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Golfland Sunsplash suing Gov. Doug Ducey over water park closures

Golfland Sunsplash
Posted at 5:03 PM, Aug 11, 2020
and last updated 2020-08-12 01:28:13-04

MESA, AZ — Golfland Sunsplash, an amusement and water park in Mesa, has filed a lawsuit against Arizona Gov. Doug Ducey claiming the state forced their "Sunsplash" water park to close during the novel coronavirus pandemic, with no reopening guidelines. This, while other water parks at nearby hotels, cities, and parks were allowed to reopen, the water park said.

"We feel like we’ve been treated unfairly when it comes to executive orders that were put out," said Steve Carlston, General Manager of the park. "It feels like it’s been a picking of winners and losers, and we are on the loser side. It’s key to point out other water parks in the state have been operating the whole time."

The lawsuit announcement comes one day after the Governor's Office and the Arizona Department of Health Services released a series of benchmarks that must be met in order for water parks, bars, gyms, fitness centers, and tube operators to potentially reopen. That decision was the result of a separate lawsuit from the owners of gyms and fitness centers who felt they were unfairly targeted by Gov. Ducey's June executive order that forced them and other industries to close.

“Even when called to the state’s attention that other parks were still open, the state still took no action to close the other parks or allow Golfland Sunsplash to open," said Carlston.

In its lawsuit, Golfland Sunsplash alleges that while Gov. Ducey's executive order in June closed water parks and other industries, it allowed pools at hotels and in some communities to remain open. The lawsuit then cites various hotels and resorts around the Valley believed to be open, that have multiple pools and water park-type attractions, such as lazy rivers, water slides, and surf simulators.

Golfland Sunsplash also claims that it filed an attestation form with the Governor's Office and Arizona Department of Health Services to prove that it met current CDC guidelines, but never heard back from either.

The owners are seeking an injunction against the executive order, an undisclosed amount in damages, and to cover legal fees.

Another industry, bars, is also pushing back and preparing for a long battle with the governor. "Since the governor released the guidelines on Monday, I’ve been flooded with additional requests. So I think we are up to 75, maybe 80 bars now, and climbing by the minute," said Ilan Wurman, as associate professor at ASU's Sandra Day O'Connor College of Law.

Wurman said he had no plans to get in a legal brawl with the state's top leader, but felt compelled when bars told him they had no other options for saving their businesses. "The latest guidelines have made them lose all hope. The guidelines will not be able to be met for several months, maybe a year," he said.

Dr. Christ and other top staffers with the governor's office are more optimistic, and believe businesses may be able to reopen in the coming weeks, as Arizona continues to trend in the right direction when it comes percent positivity and cases.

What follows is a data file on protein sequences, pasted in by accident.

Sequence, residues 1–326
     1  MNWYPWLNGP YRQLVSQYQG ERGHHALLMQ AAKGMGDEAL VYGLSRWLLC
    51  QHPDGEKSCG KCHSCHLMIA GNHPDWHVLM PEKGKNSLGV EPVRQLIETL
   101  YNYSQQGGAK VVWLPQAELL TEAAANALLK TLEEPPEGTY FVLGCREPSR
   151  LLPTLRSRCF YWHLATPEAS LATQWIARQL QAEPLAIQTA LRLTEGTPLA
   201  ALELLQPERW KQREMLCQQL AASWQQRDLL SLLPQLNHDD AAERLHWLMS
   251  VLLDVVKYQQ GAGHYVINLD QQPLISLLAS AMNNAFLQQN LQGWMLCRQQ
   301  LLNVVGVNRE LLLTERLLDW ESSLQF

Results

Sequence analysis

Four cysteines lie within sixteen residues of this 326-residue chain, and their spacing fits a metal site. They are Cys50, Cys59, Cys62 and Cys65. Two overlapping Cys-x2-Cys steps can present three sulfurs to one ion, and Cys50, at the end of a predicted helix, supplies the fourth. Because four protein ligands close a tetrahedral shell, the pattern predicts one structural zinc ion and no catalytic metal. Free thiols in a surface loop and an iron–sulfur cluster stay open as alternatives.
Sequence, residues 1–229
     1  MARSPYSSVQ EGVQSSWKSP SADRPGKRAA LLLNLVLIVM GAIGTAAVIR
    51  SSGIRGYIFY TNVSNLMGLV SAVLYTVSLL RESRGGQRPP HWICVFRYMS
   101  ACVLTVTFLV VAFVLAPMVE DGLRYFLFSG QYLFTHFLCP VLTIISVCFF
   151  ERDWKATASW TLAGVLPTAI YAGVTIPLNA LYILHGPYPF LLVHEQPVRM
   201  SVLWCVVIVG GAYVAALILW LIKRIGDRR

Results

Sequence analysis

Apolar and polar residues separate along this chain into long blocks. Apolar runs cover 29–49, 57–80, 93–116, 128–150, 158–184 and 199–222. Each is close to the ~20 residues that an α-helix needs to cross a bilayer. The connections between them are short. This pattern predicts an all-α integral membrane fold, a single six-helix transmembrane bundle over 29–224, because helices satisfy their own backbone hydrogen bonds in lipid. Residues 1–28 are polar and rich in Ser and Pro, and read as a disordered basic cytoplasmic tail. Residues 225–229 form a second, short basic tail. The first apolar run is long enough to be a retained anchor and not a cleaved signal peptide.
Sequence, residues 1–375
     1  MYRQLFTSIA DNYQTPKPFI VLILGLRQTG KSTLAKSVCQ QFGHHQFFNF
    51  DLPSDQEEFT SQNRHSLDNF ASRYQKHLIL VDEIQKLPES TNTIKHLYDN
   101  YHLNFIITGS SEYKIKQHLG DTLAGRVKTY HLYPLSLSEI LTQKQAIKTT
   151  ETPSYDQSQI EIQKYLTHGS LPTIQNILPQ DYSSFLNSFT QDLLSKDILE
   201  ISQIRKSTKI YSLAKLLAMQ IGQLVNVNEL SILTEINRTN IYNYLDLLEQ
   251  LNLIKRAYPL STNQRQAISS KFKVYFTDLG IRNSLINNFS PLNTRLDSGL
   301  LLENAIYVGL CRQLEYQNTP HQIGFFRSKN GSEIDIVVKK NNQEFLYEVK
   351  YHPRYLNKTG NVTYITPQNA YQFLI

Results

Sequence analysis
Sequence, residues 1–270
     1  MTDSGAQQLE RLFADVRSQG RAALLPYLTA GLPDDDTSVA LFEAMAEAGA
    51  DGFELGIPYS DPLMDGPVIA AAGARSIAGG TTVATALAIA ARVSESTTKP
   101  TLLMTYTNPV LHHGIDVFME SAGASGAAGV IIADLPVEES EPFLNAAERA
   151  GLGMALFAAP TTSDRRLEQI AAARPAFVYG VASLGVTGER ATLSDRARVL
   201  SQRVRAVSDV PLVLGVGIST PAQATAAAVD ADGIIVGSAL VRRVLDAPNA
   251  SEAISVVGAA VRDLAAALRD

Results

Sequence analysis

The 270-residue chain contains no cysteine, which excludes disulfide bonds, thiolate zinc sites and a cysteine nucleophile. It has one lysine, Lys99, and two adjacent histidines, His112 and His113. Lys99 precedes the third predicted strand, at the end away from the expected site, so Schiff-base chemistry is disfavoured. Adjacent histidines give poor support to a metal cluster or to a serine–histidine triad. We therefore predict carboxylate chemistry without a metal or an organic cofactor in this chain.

In their lawsuit, Wurman and the bars question the governor’s power to make these decisions alone. "The legislature can’t give up its power to the governor. It can’t delegate away its legislative power," said Wurman.

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In their reply, the governor's lawyers retort that the legislature has been involved in the state's COVID response and has the ability to check the governor's power if they feel he is overstepping.

The lawsuit also alleges that Ducey is treating certain businesses unfairly, since restaurant and hotel bars can stay open. "The only difference here is the political power of the restaurant industry in Arizona. And that’s not fair, in fact it’s unconstitutional," said Wurman.

The governor and Dr. Christ, have repeatedly said that bars, alongside water parks and movie theaters and clubs, pose a higher risk for the spread of the virus.

The governor's office has already won multiple lawsuits, and pointed to their prior success against Mountainside as a reason to quickly dismiss the lawsuit.

The state's lawyers though, will likely have to fight many more legal battles in the coming weeks and months. And many businesses will be eagerly awaiting the decisions..

"They made these guidelines with the stroke of a pen and they could undo them with the stroke of a pen," said Wurman.

In March, when cases began to increase in the Phoenix area and around the state, various attractions began to temporarily close. Gov. Ducey then issued an executive order, closing restaurant dining rooms, gyms, and movie theaters.

Those restrictions were loosened in mid-May when Gov. Ducey's stay-at-home order was allowed to expire. Golfland Sunsplash intended to reopen some of its water slides then, but received some public backlash over social distancing concerns.

In June, Gov. Ducey issued a new executive order that forced water parks, gyms, movie theaters, and bars to shut down again as the state saw an increase in COVID-19 cases. That order has since been extended indefinitely with Gov. Ducey saying it would be reviewed every two weeks. It remains in effect.

Big Surf announced earlier this summer that it would remain closed for the season. Six Flags' Hurricane Harbor water park in Glendale reopened for a week or two in June, but closed because of the executive order. It recently announced that it would remain closed for the season.

Great Wolf Lodge, which has an indoor water park, has reopened. However, because it is part of the Salt River Pima-Maricopa Indian Community, it falls under their jurisdiction and guidance, not Gov. Doug Ducey's.